The Batemans had a different story to tell. Agnes Bateman was born August 15, 1903. She and her brother George were adopted by John W and Mary Lodema (Goodell) Bateman between 1910 and 1920, while the Batemans were still farming in Blue Ridge Township, Platt County, Illinois. John gave up farming in 1924 and moved to Champaign where he worked as a furniture salesman. They lived first on East Armory Avenue, but moved to 406 East Healey in 1936. John died there in 1938 and Mary in 1949. They are both buried in Mansfield Cemetery, Platt County. Like the Wildes, John and Mary Bateman had no children of their own.

The postcard, we'll remember, was addressed to "Mrs Agnes Bateman and daughter." Agnes' daughter, Mary Ann Bateman, was born in 1930 presumably in Champaign, but her obituary (as Mary Ann Speck in 2018) said this about her:

Gallatin to Platt, map

"She was born in a two-room log cabin in Gallatin County, Ill., 87 years ago. She and her brother endured the premature death of their father, and an eventual adoption required by their mother’s diagnoses with Typhoid Fever. Luckily, both she and her brother were adopted by loving parents, John and Mary Bateman."

This looked to me like a family story that became mixed up between generations. Instead of Mary Ann being the adoptee, the account was most likely referring to Mary Ann's mother Agnes and her brother George. Agnes' Social Security application said she had been born in Bowlesville Township. George's stillborn daughter Lucille's death record in 1928 said George was born in Junction and his obituary said he was born in Equality. All these are locations in Gallatin County. So it was likely that Agnes and George's father had died young and their mother fell sick with typhoid.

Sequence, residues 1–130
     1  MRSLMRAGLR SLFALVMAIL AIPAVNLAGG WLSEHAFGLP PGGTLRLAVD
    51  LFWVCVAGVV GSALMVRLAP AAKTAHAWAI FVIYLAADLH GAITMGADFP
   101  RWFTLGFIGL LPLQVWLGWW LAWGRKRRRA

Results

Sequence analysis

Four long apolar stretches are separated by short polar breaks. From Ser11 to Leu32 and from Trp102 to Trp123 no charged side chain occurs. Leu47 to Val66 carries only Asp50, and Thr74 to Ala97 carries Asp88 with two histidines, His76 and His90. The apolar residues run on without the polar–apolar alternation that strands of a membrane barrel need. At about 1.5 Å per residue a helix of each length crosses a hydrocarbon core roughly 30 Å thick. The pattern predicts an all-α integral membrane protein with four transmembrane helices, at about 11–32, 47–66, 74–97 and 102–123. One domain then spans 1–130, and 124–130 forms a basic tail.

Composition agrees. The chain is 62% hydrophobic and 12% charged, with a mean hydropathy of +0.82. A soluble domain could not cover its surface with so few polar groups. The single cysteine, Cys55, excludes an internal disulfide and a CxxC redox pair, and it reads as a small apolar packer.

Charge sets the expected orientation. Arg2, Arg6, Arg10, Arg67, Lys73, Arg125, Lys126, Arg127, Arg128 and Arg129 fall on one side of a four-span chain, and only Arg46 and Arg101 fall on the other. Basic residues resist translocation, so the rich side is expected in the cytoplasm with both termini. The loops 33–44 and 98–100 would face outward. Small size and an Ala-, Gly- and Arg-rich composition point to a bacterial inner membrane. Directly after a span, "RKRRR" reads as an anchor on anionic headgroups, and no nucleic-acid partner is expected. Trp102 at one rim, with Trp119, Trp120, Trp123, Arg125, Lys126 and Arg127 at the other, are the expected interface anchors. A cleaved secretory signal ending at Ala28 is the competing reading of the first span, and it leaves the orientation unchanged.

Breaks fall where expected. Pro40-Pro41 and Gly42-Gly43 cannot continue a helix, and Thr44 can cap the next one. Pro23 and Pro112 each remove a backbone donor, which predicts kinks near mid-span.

Could we find their birth parents?

A Dobbs Family of Gallatin County, Illinois

At this point in the article we enter the realm of "maybe." There happens to be a Sarah Dobbs, age 25 but widowed, on the 1910 Census of Equality, Gallatin County, with two young children: Agnes, age 6, and George, age 3. Those ages match what we know about Agnes and George Bateman. And there happens to be a William Dobbs, born in January 1876, who died at his home near Junction, Gallatin County, September 20, 1909, and is buried in Pisgah Cemetery.

Was William Dobbs the husband of the widowed Sarah Dobbs? Were they the parents of Agnes and George? I can't say for sure. And what happened to Sarah Dobbs, did she die of typhoid or recover? Did she remarry? I didn't find any record of her after the 1910 Census.

Conclusion

So we will leave it there. We know a little more now about the Wildes and the Batemans, but we don't know if the Batemans were Dobbses by birth. I am waiting for the Shawneetown (Gallatin Co) Library to respond to a request for more information about the death of William Dobbs, and if I hear anything I will update this post.

Updated December 24, 2021

I have heard from the Shawneetown Library. The only microfilms they had with obituaries for that time period were in The News Gleaner, Shawneetown. They did not find anything on William Dobbs.